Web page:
British automakers said that proposed cuts to Chinese import tariffs could offer a welcome boost to the country's car industry as it contends with declining exports to the European Union.
During his keynote speech at the Boao Forum for Asia 2018 this month, President Xi Jinping said that China would "significantly lower" tariffs on car imports this year and will also ease restrictions on foreign ownership in the car industry.
Last year, British car exporters were propped up by increased demand from China, Japan and the United States as exports to the EU fell by 5 percent, and overall exports dipped by 1.1 percent.
Mike Hawes, chief executive of the Society of Motor Manufacturers and Traders, welcomed Xi's announcement, calling China a "crucial bilateral trading partner" for the UK car industry. British automobile exports to China increased 19.7 percent last year.
"It's encouraging to hear that China is considering reducing import tariffs on cars as this will certainly encourage demand for Britain's ever-growing range of premium, luxury and sports vehicles," Hawes said.
Hawes had previously said industry players "urgently need clarity" from the UK government as Britain negotiates its exit from the EU. The UK car industry relies heavily on exports－almost eight in 10 cars made in the UK are sent abroad－and the EU accounts for just more than half of British car exports.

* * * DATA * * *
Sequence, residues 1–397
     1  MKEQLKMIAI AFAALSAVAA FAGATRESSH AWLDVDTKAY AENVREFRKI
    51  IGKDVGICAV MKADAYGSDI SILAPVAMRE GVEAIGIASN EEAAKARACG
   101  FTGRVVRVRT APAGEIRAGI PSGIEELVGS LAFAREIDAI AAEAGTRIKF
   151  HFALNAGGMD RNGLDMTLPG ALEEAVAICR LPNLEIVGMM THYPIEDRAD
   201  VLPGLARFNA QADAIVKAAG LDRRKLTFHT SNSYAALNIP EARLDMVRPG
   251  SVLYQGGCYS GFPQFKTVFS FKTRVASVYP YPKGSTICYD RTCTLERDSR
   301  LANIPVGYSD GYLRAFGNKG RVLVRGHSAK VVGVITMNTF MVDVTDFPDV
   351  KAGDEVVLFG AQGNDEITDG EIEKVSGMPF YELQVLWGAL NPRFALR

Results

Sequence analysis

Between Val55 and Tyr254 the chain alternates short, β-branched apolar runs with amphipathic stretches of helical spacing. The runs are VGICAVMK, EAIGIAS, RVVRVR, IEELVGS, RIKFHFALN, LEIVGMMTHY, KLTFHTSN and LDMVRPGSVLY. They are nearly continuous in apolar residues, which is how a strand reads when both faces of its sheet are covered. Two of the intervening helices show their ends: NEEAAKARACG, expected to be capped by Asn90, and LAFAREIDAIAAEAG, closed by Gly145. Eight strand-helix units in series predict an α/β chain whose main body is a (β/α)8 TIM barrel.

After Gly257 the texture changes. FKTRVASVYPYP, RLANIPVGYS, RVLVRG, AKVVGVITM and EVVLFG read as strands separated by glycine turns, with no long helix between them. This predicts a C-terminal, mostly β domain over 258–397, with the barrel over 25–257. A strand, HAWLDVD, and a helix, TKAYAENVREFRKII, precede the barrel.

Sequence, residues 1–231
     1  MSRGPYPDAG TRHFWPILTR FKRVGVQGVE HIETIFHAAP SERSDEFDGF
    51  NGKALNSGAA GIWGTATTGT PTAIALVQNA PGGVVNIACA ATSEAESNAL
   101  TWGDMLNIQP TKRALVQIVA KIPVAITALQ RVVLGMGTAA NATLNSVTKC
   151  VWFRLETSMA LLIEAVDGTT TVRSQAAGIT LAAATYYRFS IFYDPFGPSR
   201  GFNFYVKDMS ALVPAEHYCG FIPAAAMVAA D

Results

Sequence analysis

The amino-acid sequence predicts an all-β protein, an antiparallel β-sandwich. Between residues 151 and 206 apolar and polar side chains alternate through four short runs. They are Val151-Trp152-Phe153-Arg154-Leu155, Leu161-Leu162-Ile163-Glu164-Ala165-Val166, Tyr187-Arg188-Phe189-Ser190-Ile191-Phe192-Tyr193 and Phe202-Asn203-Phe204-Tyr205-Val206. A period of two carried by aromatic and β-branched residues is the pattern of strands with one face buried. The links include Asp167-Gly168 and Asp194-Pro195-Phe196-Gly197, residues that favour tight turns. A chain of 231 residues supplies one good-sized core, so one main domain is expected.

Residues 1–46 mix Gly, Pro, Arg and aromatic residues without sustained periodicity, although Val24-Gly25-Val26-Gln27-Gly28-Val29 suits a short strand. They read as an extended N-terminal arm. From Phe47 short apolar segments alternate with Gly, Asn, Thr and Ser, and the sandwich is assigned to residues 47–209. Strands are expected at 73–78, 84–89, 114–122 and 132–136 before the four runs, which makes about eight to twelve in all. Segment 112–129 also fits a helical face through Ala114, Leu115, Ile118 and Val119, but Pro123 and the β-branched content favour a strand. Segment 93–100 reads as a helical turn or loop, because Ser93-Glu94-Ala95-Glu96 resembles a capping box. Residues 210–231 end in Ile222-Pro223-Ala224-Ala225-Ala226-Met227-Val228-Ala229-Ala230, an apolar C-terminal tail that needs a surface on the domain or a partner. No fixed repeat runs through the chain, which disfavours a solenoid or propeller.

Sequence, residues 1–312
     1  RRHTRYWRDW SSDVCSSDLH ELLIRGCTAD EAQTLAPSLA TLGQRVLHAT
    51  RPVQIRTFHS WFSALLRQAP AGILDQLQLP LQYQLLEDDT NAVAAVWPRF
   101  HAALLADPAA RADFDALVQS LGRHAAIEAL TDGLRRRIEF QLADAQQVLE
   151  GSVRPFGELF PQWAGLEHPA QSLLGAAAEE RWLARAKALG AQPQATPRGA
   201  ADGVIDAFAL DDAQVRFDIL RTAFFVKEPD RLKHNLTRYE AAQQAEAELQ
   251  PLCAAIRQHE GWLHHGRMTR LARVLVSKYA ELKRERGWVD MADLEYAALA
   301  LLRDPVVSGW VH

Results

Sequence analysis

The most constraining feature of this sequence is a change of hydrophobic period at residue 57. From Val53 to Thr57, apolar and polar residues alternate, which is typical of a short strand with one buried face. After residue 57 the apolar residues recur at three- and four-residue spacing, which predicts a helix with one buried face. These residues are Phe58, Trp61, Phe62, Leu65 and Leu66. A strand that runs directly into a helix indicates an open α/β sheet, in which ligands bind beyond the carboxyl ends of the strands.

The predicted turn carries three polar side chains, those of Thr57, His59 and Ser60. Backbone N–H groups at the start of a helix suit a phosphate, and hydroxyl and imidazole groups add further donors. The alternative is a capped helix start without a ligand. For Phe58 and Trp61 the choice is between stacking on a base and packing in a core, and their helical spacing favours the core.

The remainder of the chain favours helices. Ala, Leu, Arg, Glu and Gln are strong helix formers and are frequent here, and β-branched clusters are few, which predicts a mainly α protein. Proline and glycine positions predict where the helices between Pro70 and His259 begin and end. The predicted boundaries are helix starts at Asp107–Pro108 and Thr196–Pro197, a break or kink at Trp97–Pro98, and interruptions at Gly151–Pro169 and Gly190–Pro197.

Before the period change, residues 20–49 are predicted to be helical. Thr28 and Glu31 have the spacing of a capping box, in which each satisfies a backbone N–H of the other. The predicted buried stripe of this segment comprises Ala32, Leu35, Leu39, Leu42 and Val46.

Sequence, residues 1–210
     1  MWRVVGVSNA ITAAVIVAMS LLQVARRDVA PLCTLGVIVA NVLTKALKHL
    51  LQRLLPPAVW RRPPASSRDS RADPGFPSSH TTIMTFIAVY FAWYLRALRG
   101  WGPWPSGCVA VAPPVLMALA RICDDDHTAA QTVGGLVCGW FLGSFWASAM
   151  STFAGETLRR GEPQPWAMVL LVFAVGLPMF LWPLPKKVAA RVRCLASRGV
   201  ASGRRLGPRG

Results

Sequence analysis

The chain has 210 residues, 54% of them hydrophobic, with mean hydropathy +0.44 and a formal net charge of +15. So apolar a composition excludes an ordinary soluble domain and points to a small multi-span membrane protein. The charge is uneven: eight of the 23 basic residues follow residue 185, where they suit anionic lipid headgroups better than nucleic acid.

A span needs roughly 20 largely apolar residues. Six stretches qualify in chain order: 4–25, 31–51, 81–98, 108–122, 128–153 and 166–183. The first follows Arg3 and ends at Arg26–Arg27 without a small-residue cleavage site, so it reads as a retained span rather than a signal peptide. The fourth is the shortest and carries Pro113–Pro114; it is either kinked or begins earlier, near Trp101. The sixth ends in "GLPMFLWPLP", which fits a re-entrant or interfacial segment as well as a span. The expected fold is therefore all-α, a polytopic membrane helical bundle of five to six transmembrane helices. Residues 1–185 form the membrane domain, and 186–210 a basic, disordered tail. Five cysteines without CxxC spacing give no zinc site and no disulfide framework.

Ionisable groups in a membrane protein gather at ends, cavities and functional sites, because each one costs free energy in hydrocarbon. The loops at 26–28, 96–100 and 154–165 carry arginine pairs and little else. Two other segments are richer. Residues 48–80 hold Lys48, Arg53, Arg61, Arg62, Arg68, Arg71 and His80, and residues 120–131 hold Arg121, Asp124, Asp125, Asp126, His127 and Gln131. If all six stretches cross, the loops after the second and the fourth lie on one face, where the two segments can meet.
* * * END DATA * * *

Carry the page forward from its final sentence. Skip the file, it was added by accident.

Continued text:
As demand from the EU has fallen, major British automakers have ramped up efforts to expand in China.
In January, British luxury sports car manufacturer Aston Martin announced it would invest 620 million pounds ($887.9 million) in China, including 10 new dealerships, bringing its total to 20 by the end of 2018.
UK sports carmaker McLaren Automotive is set to expand its presence in China this year by adding 10 new retailers, according to Dan McElholm, the company's managing director for China.